I don't have time to write about everything I experienced at this excellent conference, and I see that other blogs have provided good summaries of the various workshops. Instead I will focus on where my own thoughts have travelled after some of the workshops. In this first post I'll focus on the excellent leadership session offered by @mrbenward.
"Lead in your sphere of influence. Manage what is outside."
I didn't realise that this was something I've been doing already. Hearing Ben say the words drew my attention to a skill I didn't know I had! I could allow myself to become frustrated by antiquated ICT provision, by the lack of free time for colleagues to work collaboratively on development or by the bureaucracy involved in gathering and tracking internal assessment evidence for SQA courses. However, I have to decide to manage these things as best as I can as all of these issues are outwith my sphere of influence. I have to implement low(er) tech compromises, employing the ICT we do have to it's greatest potential. I have to plan collegiate time wisely. I have to develop departmental systems for gathering assessment evidence in a rigorous, organised, but simple way which isn't onerous or time consuming for colleagues or myself. These are management tasks.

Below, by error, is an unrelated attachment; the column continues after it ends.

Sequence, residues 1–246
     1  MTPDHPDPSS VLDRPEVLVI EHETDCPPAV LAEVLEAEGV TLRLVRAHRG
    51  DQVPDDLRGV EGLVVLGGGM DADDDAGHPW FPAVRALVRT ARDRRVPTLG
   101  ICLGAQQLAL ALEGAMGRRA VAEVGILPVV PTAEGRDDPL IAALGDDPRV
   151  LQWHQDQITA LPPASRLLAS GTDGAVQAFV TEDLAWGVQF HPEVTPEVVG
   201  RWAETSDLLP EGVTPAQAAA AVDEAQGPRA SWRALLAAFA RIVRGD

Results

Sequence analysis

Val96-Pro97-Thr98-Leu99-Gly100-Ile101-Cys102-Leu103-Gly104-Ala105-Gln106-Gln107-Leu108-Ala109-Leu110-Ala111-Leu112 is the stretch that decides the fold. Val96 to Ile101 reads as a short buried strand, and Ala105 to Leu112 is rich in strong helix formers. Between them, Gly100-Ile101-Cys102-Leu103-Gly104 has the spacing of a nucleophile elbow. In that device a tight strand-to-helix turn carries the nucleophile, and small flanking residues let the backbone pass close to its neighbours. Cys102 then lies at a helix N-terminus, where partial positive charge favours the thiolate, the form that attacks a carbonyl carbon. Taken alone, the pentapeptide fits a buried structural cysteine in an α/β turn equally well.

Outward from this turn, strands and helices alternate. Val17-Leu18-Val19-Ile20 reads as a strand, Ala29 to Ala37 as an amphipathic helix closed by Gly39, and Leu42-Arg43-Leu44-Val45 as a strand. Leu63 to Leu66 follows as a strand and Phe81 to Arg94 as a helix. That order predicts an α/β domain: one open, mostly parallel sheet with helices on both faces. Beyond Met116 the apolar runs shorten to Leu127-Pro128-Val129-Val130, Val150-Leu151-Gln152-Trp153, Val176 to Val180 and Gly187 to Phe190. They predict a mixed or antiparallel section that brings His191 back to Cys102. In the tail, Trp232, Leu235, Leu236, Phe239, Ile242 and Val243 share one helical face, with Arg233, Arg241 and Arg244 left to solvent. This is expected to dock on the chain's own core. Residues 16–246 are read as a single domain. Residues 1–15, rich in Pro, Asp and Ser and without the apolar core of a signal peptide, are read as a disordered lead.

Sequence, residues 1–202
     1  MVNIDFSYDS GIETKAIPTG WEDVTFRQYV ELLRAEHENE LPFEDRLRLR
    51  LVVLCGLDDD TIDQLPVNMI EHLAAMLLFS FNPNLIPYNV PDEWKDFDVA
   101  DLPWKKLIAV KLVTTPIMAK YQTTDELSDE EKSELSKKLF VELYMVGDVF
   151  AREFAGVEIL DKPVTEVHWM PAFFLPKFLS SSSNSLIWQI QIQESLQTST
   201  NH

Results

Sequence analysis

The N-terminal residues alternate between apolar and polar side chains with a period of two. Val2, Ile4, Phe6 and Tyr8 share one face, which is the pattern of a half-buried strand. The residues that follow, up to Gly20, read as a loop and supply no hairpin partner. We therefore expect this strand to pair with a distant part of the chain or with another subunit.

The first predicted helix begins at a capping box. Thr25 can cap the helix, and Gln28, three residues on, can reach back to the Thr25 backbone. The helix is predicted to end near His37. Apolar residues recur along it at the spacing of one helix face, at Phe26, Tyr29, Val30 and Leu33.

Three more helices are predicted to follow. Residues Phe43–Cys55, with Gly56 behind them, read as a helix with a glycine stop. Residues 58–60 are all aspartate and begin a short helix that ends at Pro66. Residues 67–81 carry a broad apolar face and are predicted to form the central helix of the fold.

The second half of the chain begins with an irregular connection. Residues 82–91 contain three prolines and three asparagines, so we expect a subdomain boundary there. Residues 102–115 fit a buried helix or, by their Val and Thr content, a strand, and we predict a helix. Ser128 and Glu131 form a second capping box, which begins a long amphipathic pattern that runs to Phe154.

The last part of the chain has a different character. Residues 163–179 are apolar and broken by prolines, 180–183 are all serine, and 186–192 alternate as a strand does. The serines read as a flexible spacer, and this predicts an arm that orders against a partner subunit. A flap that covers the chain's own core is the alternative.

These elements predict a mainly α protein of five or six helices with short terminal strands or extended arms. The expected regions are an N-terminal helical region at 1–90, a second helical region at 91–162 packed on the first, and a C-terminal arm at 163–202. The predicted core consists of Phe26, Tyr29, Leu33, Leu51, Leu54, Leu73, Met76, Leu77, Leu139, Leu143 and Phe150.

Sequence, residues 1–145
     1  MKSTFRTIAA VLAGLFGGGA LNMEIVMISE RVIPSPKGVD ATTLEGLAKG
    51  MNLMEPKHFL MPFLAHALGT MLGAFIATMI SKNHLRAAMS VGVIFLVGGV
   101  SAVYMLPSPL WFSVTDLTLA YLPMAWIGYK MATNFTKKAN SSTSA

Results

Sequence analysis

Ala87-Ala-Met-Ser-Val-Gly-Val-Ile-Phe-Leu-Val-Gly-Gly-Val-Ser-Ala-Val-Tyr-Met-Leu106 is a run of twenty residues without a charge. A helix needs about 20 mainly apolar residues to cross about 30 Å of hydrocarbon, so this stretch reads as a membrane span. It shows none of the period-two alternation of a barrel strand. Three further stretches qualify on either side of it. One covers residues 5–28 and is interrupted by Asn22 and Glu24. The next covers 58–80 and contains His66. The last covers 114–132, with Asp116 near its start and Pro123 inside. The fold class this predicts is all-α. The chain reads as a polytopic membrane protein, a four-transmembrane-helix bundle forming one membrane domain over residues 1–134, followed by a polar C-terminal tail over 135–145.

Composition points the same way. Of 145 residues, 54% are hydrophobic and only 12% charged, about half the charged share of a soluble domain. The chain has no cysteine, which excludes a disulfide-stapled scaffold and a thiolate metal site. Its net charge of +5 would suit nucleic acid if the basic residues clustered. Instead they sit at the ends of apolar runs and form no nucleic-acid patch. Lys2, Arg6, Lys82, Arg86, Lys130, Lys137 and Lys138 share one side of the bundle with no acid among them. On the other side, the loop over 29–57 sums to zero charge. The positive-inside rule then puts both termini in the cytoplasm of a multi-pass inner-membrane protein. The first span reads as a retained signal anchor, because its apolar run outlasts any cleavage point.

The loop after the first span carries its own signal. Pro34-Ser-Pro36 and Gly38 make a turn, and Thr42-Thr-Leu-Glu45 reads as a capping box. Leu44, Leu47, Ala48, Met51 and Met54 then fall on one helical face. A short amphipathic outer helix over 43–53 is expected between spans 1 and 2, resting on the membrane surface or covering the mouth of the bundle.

Having the remit of providing leadership within my sphere of the mathematics department is the exciting part of the job. The management scenarios discussed above are simple in comparison to leadership. In those cases, concrete, well defined problems exist and as such it is relatively straightforward to put in place solutions. Leadership, on the other hand, is about trying to understand complexity. Complex issues do not have a simple solution. Ben used the following quote:
'Leadership is not mobilising others to solve problems we already know how to solve, but to help them confront problems that have yet to be successfully addressed' Heifetz